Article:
The leaders of the Children's Theatre Company, Peter Brosius and Kimberly Motes, welcomed patrons back to their Minneapolis playhouse Friday with what sounded more like a pep rally than a usual curtain speech. They were exuberant because their theater was open for in-person performances again after 19 months.
But they may also have been happy for another reason — "Annie" is an absorbing triumph. Director Peter Rothstein's revival of the musical by composer Charles Strouse, writer Thomas Meehan and lyricist Martin Charnin teems with melodic hope, heart and inspiration.
Rothstein first staged "Annie" for CTC in 2011 on a cityscape created by set designer Vicki Smith and with choreography by the late Michael Matthew Ferrell. He uses the same set for this production but has brought in Kelli Foster Warder to create new, evocative dances that speak to the character's inner lives and external circumstances.
This revival also boasts precise, subtle music direction by Victor Zupanc, whose orchestra swells to take in the sweep of emotions from "It's a Hard-Knock Life" to "Tomorrow" and "Easy Street."
The show has stellar performances all around. With her voice and charm, Audrey Mojica, who alternates the plucky title role with Lola Ronning, brings moxie and sunshine to the stage. And she's expert at handling Sunny, the rescue pooch that played Sandy for years on Broadway and is now making her CTC debut. (Sunny alternates performances with Bailey, another rescue dog.)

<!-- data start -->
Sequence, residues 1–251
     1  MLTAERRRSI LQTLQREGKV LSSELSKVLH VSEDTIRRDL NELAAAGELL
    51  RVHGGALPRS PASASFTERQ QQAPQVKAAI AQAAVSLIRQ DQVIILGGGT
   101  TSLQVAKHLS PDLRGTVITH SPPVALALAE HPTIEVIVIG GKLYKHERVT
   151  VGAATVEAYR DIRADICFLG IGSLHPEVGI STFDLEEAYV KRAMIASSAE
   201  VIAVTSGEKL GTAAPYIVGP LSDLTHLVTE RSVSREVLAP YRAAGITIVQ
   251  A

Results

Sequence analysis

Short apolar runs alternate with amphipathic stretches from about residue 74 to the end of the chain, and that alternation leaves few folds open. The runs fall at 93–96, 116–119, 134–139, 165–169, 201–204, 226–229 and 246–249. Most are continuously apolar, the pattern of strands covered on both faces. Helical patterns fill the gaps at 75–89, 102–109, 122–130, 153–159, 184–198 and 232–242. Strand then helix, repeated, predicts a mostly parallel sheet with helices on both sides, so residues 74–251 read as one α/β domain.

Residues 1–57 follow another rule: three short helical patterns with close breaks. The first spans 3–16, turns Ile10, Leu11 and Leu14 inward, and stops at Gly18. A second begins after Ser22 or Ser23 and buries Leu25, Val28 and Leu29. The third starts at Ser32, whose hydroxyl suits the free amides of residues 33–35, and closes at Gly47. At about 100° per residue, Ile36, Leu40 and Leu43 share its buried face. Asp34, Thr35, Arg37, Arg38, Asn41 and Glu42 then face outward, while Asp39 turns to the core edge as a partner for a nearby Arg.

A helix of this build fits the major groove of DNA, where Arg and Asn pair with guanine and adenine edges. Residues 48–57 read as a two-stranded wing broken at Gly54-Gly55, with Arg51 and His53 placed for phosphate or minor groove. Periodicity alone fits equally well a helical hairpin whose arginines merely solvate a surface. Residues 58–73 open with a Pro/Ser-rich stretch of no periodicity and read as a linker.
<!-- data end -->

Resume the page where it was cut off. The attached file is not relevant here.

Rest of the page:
Mojica and Ronning lead the talented corps of child actors such as Elsa Dungan-Hawks (Molly), Madelyn Davis (Tessie) and Mari Peterson-Hilleque (July).
On the adult side, JoeNathan Thomas uses his booming bass baritone and smooth delivery to infuse billionaire businessman Daddy Warbucks with majesty and grace. His Warbucks, who goes from reluctant host of an orphan girl to a gleeful adoptive father, brims with effervescence and joie de vivre.
CTC initially scheduled "Annie" for spring 2020, when the mood of the country did not align as neatly with the musical as it does today. The story is set during the Great Depression when hope seems like a fool's errand. But Annie, an orphan who has been looking for the family that gave her up, possesses it in spades. She never gives up the search even after Warbucks' right-hand woman Grace Farrell (Janely Rodriguez) invites her into the Warbucks estate for the holidays.
Emily Gunyou Halaas, who played strident headmistress Miss Trunchbull in "Matilda" in spring 2019, takes on the role of Miss Hannigan, a besotted tyrant of the orphanage, with droll wit. She finds not only the cartoon-like villainy of her character but also the feral desperation.
It's a credit to the gifts of Autumn Ness and Reed Sigmund, who are married in real life and play the scamming stage couple Lily St. Regis and Rooster, that they have not become parodies of themselves. They push their characters to their comic limits, even grossing out some kids in the audience by sharing the same piece of chewing gum.
The cast also includes surefire CTC company members Dean Holt, whose roles include President Roosevelt and Mr. Pugh, the chef at the Warbucks estate, and Gerald Drake, as Drake, also a member of the Warbucks household staff. Together, they help to make this "Annie" a spritzer of hope for COVID-weary souls.
Who: Composed by Charles Strouse with lyrics by Martin Charnin and book by Thomas Meehan. Directed by Peter Rothstein and choreographed by Kelli Foster Warder.
When: 7 p.m. Tue.-Fri., 1 & 5 p.m. Sat. & Sun. Ends Jan. 9.
Where: Children's Theatre Company, 2400 3rd Av. S., Mpls.
Protocol: Masks required for ages 2 and up. Vaccination cards or proof of negative COVID-19 test for ages 12 and up.
Tickets: $15-$88. 612-874-0400 or childrenstheatre.org.